Revisiting Your Marriage Means Revisiting Your Estate Plan

The recent Michigan Court of Appeals case, In Re Joseph & Sally Grablick Trust, aptly reminds us of the importance of revisiting and updating estate planning documents during the divorce process. 

In this case, the decedent, Joseph Grablick, died with an estate plan still in effect from his previous marriage. The decedent’s will and trust left bequests to his former step-child, listed as “Katelyn M. Wrecker, who is my step-child.” According to the facts, Katelyn was 8 years old at the time of the decedent’s marriage to her mother, and he treated Katelyn as his daughter both during and after the more than 20-year marriage. (Even Grablick’s obituary mentions Kaitlyn simply as his daughter.) However, the decedent had not updated his will or trust in the divorce process to ensure that the provisions regarding Katelyn were still valid. Katelyn filed petitions in the probate and a trust case and requested an order determining heirs, ultimately appealing the findings to the Supreme Court. The court ruled that, in absence of express terms to the contrary, Katelyn was not a beneficiary of either the will or the trust because the dispositions to her were revoked under state law by the divorce. That the decedent continued to treat her as his child was irrelevant.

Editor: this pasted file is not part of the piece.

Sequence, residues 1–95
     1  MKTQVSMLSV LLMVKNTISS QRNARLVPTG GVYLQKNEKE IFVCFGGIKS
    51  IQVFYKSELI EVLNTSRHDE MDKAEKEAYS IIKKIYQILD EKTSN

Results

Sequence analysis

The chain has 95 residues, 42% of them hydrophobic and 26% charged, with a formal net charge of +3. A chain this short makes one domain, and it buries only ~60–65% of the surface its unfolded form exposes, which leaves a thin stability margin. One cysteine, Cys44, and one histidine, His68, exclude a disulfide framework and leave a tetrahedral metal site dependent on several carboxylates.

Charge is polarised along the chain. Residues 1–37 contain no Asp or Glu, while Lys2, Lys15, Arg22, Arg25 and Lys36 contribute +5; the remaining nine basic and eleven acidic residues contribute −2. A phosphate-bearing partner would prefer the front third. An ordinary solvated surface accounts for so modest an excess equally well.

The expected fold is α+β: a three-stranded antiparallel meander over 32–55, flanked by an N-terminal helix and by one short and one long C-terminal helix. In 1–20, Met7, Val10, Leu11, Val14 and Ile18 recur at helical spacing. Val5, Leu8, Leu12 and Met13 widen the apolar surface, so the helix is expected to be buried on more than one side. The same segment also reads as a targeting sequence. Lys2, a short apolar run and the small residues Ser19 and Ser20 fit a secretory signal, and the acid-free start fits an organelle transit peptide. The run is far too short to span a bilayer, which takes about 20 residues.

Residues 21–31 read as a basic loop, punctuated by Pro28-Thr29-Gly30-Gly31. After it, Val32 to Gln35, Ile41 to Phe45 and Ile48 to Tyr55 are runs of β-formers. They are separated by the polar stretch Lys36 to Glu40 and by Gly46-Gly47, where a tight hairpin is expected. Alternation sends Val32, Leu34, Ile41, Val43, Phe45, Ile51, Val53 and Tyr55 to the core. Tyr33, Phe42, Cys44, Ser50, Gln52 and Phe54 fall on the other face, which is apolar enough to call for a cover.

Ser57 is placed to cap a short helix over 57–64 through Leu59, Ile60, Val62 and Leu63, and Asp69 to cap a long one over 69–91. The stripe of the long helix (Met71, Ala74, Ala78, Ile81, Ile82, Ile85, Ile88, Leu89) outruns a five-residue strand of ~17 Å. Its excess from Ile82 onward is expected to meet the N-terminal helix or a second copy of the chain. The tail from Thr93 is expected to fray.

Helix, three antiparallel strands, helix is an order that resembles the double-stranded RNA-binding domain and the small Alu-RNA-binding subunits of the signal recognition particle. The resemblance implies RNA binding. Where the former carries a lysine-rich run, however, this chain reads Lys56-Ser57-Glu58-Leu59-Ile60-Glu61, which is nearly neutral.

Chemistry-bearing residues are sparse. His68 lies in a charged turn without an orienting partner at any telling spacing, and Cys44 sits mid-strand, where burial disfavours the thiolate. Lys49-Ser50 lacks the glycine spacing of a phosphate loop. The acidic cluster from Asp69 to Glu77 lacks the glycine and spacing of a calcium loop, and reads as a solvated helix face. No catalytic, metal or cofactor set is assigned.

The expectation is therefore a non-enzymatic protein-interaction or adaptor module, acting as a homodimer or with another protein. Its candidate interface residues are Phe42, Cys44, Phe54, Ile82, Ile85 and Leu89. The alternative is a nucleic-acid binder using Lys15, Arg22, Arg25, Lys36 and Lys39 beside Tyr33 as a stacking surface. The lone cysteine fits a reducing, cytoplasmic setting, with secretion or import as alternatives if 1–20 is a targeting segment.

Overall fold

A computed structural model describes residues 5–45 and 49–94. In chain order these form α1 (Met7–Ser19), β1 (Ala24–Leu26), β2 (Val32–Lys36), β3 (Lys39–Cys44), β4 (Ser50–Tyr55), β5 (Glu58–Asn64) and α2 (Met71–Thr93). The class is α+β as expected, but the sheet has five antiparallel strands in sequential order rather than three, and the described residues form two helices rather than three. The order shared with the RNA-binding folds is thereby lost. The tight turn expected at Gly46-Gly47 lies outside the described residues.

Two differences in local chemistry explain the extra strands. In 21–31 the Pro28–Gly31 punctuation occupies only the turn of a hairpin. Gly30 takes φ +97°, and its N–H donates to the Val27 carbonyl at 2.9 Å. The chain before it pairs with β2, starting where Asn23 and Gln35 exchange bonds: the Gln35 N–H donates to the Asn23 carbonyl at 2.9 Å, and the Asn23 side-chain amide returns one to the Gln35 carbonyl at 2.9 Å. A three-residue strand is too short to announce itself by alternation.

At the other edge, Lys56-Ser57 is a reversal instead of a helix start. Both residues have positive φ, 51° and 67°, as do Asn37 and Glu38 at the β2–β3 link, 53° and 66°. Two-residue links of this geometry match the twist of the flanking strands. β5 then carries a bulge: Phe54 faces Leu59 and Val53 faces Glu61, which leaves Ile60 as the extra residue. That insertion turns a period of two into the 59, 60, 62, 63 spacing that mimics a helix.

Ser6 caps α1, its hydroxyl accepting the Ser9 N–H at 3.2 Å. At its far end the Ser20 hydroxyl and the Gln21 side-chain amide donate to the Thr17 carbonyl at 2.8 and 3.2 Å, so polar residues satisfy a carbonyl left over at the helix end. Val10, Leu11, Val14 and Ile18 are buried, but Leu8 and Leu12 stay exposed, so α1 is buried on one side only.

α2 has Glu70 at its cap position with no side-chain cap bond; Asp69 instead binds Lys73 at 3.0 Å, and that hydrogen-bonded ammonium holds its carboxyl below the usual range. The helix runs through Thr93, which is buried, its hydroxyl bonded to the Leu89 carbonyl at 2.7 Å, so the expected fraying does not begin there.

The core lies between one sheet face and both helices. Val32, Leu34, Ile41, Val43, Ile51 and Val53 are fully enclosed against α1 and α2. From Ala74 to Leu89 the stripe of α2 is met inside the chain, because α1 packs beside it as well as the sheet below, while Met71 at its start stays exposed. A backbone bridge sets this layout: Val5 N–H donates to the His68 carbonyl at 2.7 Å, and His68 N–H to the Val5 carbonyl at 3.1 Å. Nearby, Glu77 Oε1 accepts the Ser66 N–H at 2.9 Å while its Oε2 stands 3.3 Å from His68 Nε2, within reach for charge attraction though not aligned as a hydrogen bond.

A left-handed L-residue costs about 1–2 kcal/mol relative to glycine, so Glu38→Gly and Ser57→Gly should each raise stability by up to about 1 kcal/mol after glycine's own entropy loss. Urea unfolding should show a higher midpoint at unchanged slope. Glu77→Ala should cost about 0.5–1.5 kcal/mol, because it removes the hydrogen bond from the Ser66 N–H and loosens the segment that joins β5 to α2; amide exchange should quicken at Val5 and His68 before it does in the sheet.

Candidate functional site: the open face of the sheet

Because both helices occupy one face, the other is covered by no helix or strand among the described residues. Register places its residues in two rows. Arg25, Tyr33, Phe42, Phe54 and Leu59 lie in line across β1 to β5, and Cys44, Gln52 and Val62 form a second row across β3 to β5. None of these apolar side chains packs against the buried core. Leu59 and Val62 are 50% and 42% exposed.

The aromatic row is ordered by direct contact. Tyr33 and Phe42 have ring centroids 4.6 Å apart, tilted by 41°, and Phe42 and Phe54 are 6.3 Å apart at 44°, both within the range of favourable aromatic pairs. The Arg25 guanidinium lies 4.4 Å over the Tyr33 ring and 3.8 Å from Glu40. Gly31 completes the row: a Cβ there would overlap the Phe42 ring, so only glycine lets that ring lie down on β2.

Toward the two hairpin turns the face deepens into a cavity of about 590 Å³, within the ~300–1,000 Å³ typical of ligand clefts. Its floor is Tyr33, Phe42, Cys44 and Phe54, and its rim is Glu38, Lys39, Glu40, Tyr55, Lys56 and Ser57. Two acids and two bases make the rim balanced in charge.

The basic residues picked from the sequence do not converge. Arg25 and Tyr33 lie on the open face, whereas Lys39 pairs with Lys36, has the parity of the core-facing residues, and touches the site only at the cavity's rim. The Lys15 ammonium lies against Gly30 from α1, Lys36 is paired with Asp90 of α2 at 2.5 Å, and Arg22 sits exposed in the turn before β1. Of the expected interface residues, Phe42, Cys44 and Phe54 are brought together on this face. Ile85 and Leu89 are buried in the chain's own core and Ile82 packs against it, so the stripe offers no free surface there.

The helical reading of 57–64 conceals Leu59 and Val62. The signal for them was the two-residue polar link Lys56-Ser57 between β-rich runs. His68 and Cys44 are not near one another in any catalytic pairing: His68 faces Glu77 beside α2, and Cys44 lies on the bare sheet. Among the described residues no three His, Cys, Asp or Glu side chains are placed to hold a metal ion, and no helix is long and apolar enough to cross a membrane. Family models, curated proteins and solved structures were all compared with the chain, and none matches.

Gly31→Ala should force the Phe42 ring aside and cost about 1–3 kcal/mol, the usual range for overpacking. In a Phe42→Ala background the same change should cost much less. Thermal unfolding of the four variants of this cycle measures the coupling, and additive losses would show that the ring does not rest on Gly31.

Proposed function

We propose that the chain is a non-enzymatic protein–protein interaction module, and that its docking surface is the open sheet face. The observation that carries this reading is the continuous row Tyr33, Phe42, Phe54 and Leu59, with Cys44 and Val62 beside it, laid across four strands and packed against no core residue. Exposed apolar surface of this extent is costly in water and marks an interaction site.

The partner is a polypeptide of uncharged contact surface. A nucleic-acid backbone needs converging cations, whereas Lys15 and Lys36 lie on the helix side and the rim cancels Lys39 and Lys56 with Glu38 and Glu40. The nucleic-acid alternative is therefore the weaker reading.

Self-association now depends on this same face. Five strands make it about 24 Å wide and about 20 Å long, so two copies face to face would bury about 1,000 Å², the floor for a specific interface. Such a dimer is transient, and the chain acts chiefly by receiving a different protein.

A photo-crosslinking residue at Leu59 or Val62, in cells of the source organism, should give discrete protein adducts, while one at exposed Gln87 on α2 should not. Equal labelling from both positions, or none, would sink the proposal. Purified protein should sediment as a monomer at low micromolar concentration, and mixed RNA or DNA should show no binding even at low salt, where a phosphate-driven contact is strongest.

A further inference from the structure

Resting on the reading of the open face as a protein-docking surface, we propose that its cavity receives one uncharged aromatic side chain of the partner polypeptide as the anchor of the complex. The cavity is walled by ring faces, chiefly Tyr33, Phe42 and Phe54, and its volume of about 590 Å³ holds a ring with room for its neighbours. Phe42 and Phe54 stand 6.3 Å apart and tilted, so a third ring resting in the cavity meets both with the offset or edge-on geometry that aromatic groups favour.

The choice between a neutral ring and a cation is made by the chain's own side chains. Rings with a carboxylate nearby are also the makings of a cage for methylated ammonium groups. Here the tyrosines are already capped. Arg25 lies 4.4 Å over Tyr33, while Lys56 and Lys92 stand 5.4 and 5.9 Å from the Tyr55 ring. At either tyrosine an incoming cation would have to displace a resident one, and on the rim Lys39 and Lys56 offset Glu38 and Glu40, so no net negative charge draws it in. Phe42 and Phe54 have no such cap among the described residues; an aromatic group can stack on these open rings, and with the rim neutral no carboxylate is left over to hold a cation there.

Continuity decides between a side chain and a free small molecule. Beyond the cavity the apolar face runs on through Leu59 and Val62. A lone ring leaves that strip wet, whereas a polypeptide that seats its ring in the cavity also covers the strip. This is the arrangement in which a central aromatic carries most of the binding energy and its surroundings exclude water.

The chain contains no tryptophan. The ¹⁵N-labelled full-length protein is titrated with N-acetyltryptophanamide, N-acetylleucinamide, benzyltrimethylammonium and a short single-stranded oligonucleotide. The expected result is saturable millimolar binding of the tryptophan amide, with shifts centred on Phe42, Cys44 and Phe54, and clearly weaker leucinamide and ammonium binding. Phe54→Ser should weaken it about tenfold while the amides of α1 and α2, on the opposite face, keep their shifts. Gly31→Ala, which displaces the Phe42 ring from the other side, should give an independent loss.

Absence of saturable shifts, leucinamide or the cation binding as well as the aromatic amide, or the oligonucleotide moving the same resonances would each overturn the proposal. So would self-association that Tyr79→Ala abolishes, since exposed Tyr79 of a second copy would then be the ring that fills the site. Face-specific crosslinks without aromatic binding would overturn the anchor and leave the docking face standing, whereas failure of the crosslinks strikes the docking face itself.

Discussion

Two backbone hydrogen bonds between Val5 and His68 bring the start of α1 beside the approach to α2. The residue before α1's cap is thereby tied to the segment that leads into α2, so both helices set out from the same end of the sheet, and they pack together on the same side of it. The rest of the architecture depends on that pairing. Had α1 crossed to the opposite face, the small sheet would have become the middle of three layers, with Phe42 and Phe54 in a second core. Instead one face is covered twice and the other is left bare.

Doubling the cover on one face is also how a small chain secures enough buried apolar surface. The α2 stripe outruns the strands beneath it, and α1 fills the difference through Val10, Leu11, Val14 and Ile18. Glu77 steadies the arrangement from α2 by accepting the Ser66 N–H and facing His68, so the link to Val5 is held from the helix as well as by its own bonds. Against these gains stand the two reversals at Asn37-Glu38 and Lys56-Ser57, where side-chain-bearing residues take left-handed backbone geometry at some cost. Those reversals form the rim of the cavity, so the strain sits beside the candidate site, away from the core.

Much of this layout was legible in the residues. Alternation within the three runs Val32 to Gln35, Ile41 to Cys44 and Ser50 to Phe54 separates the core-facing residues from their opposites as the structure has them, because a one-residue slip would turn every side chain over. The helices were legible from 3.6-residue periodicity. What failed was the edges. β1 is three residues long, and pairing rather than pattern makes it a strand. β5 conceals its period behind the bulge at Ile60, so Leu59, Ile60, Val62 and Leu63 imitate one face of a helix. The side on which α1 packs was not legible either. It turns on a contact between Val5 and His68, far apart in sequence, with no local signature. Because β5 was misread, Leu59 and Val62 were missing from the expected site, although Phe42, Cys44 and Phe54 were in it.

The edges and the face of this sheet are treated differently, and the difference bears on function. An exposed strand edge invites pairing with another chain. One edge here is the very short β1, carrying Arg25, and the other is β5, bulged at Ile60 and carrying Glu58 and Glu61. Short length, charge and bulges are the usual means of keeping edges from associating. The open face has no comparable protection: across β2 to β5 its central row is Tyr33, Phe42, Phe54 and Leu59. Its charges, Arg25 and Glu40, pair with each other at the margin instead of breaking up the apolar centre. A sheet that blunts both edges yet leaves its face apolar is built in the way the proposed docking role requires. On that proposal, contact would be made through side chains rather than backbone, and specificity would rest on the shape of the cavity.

This case is an important reminder that the legal system can undermine an individual’s wishes following a divorce or other familial matters. Take the time to educate yourself about the inheritance law in your state of residence and meet with a qualified estate planning professional to ensure that your wishes are legally documented, remain current, and are carried out accordingly following death.

Contributed by: Leanne Broyles, Esq., Director, Frost Law

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